Whilst not commonly stated as a key driver behind the launch of the new gTLD programme over a decade ago, there was growing pressure on all stakeholders within the domain name industry to do something about domain abuse. Abuse has a wide and a narrow definition in the online space – for instance there has been numerous, heated, debates over the years on the issue of what constitutes free speech where the line is in terms of abuse in terms of content. But abuse also means the actions of individuals in using domain names for the purposes of fraud and associated nefarious activities, which was a growing concern for brand holders, consumers, and governing bodies.
The consensual approach of the ICANN community considered the issue of domain name abuse and the responsibilities for mitigating it during the preparation for the first application round. After much debate, the Applicant Guidebook, the single source of truth for how new gTLDs, including dotBrands, should be managed, defined the registry operator responsibilities for the management of abuse. Whilst there still would remain an accountability and responsibility on the registrars to be monitoring and taking action against registrations that both infringed intellectual property and posed harm to the wider internet community, ensuring that registry operators were on top of how domain names within their zone were being used was seen as a key requirement of the registry agreement.
The criteria laid out in the guidebook included the provision that all registry operators had to proactively scan the domains in their zone to ensure they are not being used for abusive purposes, including for the distribution of spam, malware, and bot nets, hosting intellectual property infringing material or being used for any other abusive purpose. For open gTLDs that utilised the accredited registrar network that could mean having to monitor millions of domain names, and there’s probably little surprise that levels of abuse in some gTLDs which have followed a (very) low-cost pricing model, or have been heavily discounted as part of promotions, have been those that have led to concern that abuse monitoring isn’t as effective as it could or should be.
Despite the restrictions on who could register domains as laid out in section 13 of the Applicant Guidebook on what defines a dotBrand TLD, the same level of abuse monitoring is required as if it was an open gTLD. With a much smaller zone to monitor (it is worth noting that currently approximately half of the current delegated dotBrands have three or less domain names registered), the monitoring process is much easier but still as important not just for the wider intellectual property community but for the brand holder themselves in being able to claim they operate a Zero Abuse Name Space.
So why is operating a zero-abuse name space so important today and in the future?
Any brand holder who registers gTLDs and ccTLDs does so through a registrar or a reseller, who in turn will have a connection to the registry operator for that TLD. The brand holder has no control over the checks and balances in place for an individual TLD in terms of monitoring for abusive registrations. According to Spamhaus in their Top 10 Most Abused Top-Level Domains list, some TLDs have a “badness” rating of over 60%.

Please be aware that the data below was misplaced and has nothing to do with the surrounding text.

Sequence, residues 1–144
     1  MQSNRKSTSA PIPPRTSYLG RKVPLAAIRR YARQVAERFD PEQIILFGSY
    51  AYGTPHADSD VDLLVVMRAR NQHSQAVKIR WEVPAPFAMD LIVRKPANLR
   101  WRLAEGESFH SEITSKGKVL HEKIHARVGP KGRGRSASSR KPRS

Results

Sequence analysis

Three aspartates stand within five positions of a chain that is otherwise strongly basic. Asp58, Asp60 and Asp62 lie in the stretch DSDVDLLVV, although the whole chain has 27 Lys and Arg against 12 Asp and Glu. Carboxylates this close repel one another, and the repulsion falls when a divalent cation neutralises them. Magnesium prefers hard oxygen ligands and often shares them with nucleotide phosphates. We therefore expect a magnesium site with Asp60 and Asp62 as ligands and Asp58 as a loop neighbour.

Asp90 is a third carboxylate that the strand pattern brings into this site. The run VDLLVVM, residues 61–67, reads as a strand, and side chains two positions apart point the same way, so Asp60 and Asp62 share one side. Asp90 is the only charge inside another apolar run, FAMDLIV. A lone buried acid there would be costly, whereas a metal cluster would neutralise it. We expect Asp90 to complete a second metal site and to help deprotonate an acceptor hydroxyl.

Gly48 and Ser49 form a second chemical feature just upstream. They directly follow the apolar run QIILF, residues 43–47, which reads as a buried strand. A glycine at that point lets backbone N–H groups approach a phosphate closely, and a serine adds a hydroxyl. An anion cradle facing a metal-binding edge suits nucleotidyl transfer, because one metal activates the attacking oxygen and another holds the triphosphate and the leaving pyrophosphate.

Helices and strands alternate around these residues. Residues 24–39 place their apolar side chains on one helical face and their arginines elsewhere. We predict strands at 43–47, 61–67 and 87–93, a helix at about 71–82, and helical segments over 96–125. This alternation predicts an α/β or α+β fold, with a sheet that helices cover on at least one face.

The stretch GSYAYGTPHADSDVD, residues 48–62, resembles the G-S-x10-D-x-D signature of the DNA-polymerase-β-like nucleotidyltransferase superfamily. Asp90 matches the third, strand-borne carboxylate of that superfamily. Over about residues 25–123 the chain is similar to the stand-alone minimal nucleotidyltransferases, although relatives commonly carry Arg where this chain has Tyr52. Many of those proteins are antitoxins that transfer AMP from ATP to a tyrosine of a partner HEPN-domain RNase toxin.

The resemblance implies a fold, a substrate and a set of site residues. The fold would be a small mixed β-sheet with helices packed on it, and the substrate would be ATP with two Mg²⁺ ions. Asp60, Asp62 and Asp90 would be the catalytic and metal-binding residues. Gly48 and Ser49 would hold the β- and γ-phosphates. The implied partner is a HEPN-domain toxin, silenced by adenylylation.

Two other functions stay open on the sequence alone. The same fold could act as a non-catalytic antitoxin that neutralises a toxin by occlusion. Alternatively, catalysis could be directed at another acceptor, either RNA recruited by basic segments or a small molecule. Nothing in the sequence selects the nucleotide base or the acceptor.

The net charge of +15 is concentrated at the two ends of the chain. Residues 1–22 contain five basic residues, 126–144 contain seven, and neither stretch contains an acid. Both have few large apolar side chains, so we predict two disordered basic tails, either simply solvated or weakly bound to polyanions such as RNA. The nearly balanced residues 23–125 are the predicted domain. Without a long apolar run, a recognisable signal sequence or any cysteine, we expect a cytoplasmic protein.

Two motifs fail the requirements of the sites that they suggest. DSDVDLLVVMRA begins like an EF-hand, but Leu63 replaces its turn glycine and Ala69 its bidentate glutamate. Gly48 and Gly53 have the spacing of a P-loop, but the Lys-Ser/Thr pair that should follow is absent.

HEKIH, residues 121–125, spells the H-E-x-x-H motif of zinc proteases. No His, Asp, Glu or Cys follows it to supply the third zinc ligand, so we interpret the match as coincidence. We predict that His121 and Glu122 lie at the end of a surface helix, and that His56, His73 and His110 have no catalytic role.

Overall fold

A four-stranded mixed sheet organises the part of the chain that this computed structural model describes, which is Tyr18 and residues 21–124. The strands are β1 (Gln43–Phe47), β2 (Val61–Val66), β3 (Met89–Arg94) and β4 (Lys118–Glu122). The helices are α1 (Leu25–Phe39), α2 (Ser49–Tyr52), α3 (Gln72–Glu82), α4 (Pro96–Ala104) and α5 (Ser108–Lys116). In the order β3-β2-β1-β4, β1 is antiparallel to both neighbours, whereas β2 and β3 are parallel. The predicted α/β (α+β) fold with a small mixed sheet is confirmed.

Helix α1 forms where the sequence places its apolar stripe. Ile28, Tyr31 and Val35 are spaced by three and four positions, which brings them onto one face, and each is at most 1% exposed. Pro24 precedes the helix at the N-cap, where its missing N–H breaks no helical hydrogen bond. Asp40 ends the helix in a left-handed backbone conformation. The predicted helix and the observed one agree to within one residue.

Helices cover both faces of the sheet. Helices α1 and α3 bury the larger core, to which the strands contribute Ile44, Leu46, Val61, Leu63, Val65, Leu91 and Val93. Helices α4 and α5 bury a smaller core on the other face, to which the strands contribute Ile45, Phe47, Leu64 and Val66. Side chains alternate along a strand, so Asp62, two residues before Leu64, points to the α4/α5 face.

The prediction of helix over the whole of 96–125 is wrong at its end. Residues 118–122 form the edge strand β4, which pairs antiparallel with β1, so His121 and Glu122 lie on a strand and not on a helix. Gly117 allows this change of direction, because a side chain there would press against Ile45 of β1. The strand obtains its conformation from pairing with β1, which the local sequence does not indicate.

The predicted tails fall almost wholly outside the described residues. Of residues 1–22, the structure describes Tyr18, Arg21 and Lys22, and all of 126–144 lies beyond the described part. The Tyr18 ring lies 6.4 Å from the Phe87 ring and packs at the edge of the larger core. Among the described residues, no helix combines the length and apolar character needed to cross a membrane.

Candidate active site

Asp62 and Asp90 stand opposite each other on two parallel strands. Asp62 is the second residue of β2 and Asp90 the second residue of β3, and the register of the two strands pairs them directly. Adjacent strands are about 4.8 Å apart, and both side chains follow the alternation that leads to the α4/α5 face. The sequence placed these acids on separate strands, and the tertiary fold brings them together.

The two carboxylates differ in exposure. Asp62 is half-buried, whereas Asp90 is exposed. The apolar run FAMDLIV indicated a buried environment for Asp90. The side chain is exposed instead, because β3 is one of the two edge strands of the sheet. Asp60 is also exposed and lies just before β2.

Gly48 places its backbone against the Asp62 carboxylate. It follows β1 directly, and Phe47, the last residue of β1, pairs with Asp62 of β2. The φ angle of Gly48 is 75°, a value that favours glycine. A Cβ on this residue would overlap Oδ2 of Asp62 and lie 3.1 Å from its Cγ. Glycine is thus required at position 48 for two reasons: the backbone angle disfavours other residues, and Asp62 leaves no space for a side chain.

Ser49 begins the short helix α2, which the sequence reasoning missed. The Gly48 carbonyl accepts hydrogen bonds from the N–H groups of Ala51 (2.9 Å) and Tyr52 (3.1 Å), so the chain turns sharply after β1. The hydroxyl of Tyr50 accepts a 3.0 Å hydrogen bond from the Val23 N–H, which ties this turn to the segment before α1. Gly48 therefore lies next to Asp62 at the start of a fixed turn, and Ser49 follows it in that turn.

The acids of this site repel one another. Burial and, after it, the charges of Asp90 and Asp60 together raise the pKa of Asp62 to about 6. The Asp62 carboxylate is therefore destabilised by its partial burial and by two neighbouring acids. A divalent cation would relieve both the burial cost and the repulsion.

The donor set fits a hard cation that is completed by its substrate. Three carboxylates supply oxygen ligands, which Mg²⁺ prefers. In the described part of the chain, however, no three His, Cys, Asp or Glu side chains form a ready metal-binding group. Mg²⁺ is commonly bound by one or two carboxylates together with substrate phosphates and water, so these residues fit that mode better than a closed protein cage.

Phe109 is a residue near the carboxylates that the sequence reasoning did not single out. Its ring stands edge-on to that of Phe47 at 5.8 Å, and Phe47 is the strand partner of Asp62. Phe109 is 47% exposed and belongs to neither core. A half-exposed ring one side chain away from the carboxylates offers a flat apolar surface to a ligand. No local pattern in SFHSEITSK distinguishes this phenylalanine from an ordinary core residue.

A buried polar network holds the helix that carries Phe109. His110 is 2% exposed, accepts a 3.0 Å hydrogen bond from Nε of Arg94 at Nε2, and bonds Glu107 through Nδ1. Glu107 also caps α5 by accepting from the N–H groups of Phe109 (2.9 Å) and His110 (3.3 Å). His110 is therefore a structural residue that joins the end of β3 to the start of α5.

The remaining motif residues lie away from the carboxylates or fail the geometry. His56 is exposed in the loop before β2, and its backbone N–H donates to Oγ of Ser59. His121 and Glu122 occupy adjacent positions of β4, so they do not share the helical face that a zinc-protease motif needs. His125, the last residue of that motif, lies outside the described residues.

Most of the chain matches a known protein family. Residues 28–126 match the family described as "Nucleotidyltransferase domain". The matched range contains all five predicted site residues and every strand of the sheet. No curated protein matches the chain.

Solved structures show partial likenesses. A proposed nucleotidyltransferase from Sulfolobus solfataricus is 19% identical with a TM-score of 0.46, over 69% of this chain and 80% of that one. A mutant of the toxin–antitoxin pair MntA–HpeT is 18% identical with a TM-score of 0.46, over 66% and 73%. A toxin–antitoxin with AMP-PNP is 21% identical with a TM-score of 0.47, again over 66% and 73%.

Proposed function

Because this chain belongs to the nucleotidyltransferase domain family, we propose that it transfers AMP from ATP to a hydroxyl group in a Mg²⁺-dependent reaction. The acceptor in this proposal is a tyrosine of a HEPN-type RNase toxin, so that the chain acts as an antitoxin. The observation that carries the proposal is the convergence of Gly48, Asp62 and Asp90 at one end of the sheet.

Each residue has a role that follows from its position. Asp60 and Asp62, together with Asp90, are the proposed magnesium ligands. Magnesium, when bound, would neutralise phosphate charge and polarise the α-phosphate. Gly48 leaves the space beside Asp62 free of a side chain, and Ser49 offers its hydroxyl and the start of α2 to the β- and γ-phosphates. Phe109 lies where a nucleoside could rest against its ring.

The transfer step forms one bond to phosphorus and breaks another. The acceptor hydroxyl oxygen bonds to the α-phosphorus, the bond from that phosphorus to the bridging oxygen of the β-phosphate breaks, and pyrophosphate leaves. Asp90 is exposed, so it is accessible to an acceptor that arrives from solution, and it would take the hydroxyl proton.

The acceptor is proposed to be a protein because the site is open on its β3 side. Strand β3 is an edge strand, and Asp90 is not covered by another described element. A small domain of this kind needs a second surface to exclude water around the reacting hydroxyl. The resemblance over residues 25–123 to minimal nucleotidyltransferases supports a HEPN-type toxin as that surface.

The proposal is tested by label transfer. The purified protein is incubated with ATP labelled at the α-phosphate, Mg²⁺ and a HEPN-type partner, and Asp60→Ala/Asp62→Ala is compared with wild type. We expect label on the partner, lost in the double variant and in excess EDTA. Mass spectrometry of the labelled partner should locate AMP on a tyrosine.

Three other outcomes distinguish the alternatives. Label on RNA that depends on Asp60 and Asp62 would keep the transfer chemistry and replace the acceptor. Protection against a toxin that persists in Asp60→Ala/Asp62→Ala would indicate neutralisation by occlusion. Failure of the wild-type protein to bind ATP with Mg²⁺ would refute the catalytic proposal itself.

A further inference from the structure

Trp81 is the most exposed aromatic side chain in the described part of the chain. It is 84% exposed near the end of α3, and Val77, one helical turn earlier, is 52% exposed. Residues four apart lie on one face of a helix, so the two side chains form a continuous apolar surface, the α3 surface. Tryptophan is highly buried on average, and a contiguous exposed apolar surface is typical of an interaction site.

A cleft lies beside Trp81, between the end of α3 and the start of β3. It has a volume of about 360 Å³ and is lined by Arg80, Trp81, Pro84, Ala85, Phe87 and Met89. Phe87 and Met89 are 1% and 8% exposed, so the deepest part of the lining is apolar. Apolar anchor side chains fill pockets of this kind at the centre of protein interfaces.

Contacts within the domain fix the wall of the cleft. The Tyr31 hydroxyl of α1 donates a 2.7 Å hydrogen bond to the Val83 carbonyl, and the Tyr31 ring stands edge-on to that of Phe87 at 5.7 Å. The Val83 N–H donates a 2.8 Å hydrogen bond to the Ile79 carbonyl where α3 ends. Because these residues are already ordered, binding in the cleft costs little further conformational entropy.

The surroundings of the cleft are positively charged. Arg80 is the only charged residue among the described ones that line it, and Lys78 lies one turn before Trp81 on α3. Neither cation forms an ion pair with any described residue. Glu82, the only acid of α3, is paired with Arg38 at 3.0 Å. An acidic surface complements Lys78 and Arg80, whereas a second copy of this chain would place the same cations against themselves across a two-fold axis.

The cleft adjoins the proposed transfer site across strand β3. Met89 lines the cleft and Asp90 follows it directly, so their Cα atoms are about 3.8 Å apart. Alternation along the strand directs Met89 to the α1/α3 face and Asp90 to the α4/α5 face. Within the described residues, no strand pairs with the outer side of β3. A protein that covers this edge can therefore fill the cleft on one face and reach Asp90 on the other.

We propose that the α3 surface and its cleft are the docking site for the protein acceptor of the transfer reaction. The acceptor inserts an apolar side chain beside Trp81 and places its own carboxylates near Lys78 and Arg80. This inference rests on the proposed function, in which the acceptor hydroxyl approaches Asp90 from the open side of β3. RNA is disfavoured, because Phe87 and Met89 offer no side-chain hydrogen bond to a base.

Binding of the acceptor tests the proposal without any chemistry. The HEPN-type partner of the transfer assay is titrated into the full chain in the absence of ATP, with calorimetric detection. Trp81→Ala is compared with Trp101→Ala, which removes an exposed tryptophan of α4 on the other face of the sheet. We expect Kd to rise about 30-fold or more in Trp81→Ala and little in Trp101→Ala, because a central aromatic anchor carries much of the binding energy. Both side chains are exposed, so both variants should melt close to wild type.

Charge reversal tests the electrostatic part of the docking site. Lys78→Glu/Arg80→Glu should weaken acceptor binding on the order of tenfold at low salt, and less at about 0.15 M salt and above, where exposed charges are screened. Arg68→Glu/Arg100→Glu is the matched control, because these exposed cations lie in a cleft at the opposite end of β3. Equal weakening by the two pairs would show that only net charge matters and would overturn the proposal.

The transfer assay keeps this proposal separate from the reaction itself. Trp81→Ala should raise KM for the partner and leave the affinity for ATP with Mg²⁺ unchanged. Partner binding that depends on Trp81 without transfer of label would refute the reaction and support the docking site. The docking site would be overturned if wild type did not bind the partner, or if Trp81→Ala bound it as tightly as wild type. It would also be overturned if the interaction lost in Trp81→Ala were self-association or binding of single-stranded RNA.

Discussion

Whilst it would be unfair to say a brand holder is guilty by association if an organisation is actively using domain names under a TLD that has high levels of abuse registrations, web users may not be so forgiving and may actively avoid some websites using certain TLDs.
This is where organisations that own a dotBrand TLD have a significant advantage. Because each dotBrand registry owner controls the registration process for each and every domain, they register, they can easily, and confidently monitor how they are used. The brand holder has complete accountability and responsibility for the content. This means that anyone engaging with the organisation, through their websites using a dotBrand domain name, they can have complete confidence they are interacting with the genuine brand holder, and that any risk of malware or any other domain-related nasties is mitigated again.
It may seem relatively obvious that if an organisation runs a dotBrand Top-Level Domain, it will be a zero-abuse domain space and consequently brand holder community has been lobbying ICANN in the last few years, as part of the first-round review working groups and through other channels to remove the need for dotBrand holders to continue to monitor for abuse in their zones in the future. The Generic Names Supporting Organization (GNSO) had argued that single-registrant TLDs (dotBrands) do not suffer abuse and thus it is an unnecessary cost and process, but the ICANN board said this could lead to abuse from compromised domains going unaddressed.
“The Board concludes that Recommendation 9.2, if implemented, could lead to DNS abuse for second-level registrations in a single-registrant TLD going unaddressed, unobserved, and unmitigated,” it said, effectively signalling that in the updated Applicant Guidebook, abuse monitoring will still be a necessity, whether a TLD is being operated as a generic, closed, IDN, community or dotBrand Top-Level Domain.
So, whilst this does mean there is a small burden for dotBrand holders to continue to monitor their zone, and submit reports to ICANN on a periodic basis, it is a very small ask considering the impact and benefit proving that each dotBrand registry operator is running a zero-abuse name space.
Owning a TLD means organisations can curate their own URL naming structures, be agile in registering and using domain names as well as having the ultimate asset in terms of protecting their intellectual property.